|Publication number||US6534796 B1|
|Application number||US 09/408,810|
|Publication date||Mar 18, 2003|
|Filing date||Sep 29, 1999|
|Priority date||Sep 29, 1999|
|Publication number||09408810, 408810, US 6534796 B1, US 6534796B1, US-B1-6534796, US6534796 B1, US6534796B1|
|Inventors||Magued Bishay, Randall M. Chung, James K. Dawson, David Escobar, Mike Fukatsu, Edward Andrew Jakl, Sarit Neter, Ian Olsen, Gregory A. Urban|
|Original Assignee||Pictos Technologies, Inc.|
|Export Citation||BiBTeX, EndNote, RefMan|
|Patent Citations (5), Referenced by (4), Classifications (16), Legal Events (8)|
|External Links: USPTO, USPTO Assignment, Espacenet|
1. Technical Field
The present invention relates generally to integrated circuit photodetector arrays and optics assemblies; and, more particularly, it relates to the packaging of integrated circuit photodetector arrays, associated circuitry, and optics assemblies in a single unit.
2. Related Art
Optical assembly selection and alignment are important considerations for any product that includes a photodetector assembly. Optical assemblies that may be used typically include lensing systems, shutters, apertures, beam-splitters, filters, photodetector arrays, etc. Conventional photodetector arrays, e.g., CCD (Charge Coupled Device) or CMOS (Complementary Metal Oxide Semiconductors Imagers) have differing resolutions, die sizes, and packaging orientations. Unfortunately, when designing a product using these arrays, electrical and mechanical engineers with minimal optics backgrounds are often required to select lens and/or shutter assemblies.
The photodetector arrays in conventional systems are easily bumped, bent or otherwise moved out of alignment. A designer must pay close attention to the optical alignment of these arrays and may not realize when and if a particular array is misaligned. The imager quality in a misaligned system will be severely compromised.
With traditional imaging products, a number of components must be interfaced and mounted on a circuit board. This typically requires the combined efforts of engineers that are familiar with the optical, electrical and mechanical aspects of the products. The successful interfacing of these various components and engineering disciplines is, at best, problematic and, at worst, prohibitive. The designer(s) must resolve all of the intricacies of each component and accurately predict the interaction there between.
Standard imaging products often use components used in displays, display driver circuitry, processing circuitry and a combination of arrays and imagers. Each of these components occupies considerable space and consumes additional power.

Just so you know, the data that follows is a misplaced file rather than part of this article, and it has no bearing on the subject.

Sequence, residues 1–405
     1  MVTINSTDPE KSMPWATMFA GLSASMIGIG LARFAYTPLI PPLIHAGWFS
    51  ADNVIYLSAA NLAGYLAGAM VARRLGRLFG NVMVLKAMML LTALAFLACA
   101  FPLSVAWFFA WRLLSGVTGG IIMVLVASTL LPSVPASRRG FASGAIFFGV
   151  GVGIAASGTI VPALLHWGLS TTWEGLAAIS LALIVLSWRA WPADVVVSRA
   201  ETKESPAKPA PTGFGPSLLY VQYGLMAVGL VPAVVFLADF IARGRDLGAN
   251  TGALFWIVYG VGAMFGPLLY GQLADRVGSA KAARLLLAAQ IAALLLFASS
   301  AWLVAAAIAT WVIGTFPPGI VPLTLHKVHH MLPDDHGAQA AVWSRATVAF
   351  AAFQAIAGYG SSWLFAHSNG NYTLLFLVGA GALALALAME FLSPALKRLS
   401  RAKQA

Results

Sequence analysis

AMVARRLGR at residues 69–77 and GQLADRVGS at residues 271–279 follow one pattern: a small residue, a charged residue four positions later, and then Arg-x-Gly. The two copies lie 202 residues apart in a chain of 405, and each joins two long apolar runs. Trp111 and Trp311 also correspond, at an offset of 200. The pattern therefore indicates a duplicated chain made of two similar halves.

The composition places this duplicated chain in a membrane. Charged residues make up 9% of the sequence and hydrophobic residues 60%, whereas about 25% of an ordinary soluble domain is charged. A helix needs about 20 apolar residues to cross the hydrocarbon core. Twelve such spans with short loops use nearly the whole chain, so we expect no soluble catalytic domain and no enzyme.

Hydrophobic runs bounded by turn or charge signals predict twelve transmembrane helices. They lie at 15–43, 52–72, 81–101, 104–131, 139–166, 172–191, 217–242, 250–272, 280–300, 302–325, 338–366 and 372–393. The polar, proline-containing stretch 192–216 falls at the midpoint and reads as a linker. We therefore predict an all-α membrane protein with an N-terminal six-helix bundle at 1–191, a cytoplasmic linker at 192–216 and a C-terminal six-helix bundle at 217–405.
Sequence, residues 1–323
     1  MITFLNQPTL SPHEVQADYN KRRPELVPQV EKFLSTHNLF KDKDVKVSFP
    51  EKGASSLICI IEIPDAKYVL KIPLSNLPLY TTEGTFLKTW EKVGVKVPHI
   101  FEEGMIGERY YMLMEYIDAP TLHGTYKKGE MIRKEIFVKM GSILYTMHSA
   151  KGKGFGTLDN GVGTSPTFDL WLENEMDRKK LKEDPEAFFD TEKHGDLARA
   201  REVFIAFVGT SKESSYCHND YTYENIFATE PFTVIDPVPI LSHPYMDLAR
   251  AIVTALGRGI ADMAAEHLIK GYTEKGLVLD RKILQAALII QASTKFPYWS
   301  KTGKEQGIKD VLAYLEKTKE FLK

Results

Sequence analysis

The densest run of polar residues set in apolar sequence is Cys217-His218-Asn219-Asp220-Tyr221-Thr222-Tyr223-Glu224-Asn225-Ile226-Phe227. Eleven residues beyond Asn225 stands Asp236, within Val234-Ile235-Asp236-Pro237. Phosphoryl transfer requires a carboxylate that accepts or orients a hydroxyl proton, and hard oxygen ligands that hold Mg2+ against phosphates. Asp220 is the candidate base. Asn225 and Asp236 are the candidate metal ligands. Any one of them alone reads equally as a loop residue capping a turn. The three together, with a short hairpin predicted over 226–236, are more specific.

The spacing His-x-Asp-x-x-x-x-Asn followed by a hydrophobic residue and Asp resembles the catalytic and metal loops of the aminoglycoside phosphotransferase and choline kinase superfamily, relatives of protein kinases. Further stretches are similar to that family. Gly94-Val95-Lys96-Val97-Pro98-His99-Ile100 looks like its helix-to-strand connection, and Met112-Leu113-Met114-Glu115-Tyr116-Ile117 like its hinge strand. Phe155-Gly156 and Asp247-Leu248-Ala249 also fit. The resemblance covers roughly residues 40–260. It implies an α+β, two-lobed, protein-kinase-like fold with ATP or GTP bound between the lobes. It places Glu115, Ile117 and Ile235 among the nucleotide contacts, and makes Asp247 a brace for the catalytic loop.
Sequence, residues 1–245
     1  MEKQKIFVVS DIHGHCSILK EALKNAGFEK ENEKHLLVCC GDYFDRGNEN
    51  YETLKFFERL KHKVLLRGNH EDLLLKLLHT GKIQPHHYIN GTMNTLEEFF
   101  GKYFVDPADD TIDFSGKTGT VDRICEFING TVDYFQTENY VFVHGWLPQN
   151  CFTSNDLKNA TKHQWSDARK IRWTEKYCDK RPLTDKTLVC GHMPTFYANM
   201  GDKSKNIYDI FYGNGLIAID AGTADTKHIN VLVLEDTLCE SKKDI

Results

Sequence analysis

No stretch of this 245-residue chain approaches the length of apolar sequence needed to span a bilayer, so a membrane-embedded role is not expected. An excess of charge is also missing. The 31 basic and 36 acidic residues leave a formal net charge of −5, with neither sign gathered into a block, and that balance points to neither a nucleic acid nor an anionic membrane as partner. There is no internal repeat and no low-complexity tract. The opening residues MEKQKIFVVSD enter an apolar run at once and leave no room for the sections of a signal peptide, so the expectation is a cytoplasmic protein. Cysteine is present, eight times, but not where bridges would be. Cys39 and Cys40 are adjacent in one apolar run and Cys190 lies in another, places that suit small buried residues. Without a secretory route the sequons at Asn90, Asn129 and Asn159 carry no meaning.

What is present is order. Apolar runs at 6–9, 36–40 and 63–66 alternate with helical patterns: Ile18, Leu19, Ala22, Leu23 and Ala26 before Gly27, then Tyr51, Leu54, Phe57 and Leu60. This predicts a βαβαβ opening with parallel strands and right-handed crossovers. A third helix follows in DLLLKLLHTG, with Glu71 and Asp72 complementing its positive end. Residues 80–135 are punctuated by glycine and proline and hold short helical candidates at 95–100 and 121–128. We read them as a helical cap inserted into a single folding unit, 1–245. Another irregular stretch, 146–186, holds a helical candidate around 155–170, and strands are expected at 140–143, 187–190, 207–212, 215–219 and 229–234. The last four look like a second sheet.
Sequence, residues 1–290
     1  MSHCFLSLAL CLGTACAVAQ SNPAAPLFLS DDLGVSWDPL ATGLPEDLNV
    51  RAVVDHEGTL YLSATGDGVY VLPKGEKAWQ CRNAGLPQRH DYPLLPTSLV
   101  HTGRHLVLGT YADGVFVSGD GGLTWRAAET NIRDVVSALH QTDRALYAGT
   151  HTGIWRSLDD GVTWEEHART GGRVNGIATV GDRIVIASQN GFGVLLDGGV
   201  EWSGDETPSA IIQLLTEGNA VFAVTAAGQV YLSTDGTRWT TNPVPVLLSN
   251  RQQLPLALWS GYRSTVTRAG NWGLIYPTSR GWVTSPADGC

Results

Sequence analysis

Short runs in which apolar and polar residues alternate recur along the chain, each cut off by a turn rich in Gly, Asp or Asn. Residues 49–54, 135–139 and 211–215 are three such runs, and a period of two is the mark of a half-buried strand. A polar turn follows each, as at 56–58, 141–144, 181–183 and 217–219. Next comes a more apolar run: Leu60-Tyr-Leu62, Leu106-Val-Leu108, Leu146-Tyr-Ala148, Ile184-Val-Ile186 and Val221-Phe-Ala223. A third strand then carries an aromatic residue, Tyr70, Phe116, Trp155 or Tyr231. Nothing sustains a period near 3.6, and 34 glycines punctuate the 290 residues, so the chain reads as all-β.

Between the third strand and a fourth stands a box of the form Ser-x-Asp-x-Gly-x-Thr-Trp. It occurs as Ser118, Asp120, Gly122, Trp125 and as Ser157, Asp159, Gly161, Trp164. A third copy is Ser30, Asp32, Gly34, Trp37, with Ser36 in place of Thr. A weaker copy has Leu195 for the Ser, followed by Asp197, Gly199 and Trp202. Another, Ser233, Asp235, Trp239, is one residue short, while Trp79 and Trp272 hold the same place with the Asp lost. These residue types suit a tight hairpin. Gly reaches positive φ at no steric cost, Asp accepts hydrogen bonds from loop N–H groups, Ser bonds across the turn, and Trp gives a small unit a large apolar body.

Conventional imaging products also typically require some form of shuttering mechanism. The shuttering mechanism that is routinely employed is a mechanical shutter that has considerable drawbacks in terms of size, power consumption and flexibility of operation. The mechanical shutter is ordinarily a separate component that increases the size and complexity of the imaging product. The shutter generally requires its own shutter drive circuitry, processing circuitry, memory circuitry and photodetector arrays. The alignment of the shutter with the other components again presents a problem for the designer(s).
An additional feature of conventional optical assemblies is the addition of color filters to process light. These color filters typically cannot process more than one type of light simultaneously nor can the filters regulate the intensity of the light that passes through the filters. Such optical assemblies also occupy considerable space due to the required placement of the filters.
Many other problems and disadvantages of the prior art will become apparent to one skilled in the art after comparing such prior art with the present invention as described herein.
Various aspects of the present invention can be found in a semiconductor component that receives incoming light. The semiconductor component comprises an integrated circuit, a package and an optics unit. The optics unit is disposed on the package that houses the integrated circuit. The optics unit may provide an optical pathway for the incoming light to the photodetector circuitry of the integrated circuit. The optics unit may modify the incoming light in the optical pathway to the photodetector circuitry. Alternatively, the optics unit may selectively provide such optical pathway or interact in some manner with the integrated circuit.
The optics unit may be either electrically active or passive. When active, a conductor may couple the optics unit with the integrated circuit. Depending on the specific implementation, the optics unit may, for example, comprise beamsplitter assemblies, lensing assemblies, filters and/or apertures. The optics unit may also comprise a liquid crystal device, which may act as a shutter or a display. The optics unit may be a single module or a plurality of modules. Also, depending on the specific implementation, the integrated circuit may also comprise shutter drive circuitry and image processing circuitry.